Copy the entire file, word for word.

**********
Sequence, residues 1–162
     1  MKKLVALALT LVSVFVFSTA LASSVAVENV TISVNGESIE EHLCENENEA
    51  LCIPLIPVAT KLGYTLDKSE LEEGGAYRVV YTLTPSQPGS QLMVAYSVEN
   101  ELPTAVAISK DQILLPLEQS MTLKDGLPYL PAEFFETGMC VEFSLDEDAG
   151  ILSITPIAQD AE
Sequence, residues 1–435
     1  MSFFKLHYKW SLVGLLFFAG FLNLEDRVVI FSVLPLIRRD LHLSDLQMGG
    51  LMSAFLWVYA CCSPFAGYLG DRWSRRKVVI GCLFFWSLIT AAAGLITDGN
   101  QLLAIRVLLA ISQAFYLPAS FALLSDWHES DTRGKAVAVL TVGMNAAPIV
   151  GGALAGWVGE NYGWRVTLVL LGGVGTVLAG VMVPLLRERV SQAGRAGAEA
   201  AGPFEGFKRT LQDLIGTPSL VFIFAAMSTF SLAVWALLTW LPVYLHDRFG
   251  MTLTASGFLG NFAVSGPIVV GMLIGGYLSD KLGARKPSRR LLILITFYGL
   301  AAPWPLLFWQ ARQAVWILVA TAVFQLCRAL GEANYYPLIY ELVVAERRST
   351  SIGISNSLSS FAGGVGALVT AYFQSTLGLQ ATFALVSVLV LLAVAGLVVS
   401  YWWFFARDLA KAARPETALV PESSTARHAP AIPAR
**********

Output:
Sequence, residues 1–162
     1  MKKLVALALT LVSVFVFSTA LASSVAVENV TISVNGESIE EHLCENENEA
    51  LCIPLIPVAT KLGYTLDKSE LEEGGAYRVV YTLTPSQPGS QLMVAYSVEN
   101  ELPTAVAISK DQILLPLEQS MTLKDGLPYL PAEFFETGMC VEFSLDEDAG
   151  ILSITPIAQD AE
Sequence, residues 1–435
     1  MSFFKLHYKW SLVGLLFFAG FLNLEDRVVI FSVLPLIRRD LHLSDLQMGG
    51  LMSAFLWVYA CCSPFAGYLG DRWSRRKVVI GCLFFWSLIT AAAGLITDGN
   101  QLLAIRVLLA ISQAFYLPAS FALLSDWHES DTRGKAVAVL TVGMNAAPIV
   151  GGALAGWVGE NYGWRVTLVL LGGVGTVLAG VMVPLLRERV SQAGRAGAEA
   201  AGPFEGFKRT LQDLIGTPSL VFIFAAMSTF SLAVWALLTW LPVYLHDRFG
   251  MTLTASGFLG NFAVSGPIVV GMLIGGYLSD KLGARKPSRR LLILITFYGL
   301  AAPWPLLFWQ ARQAVWILVA TAVFQLCRAL GEANYYPLIY ELVVAERRST
   351  SIGISNSLSS FAGGVGALVT AYFQSTLGLQ ATFALVSVLV LLAVAGLVVS
   401  YWWFFARDLA KAARPETALV PESSTARHAP AIPAR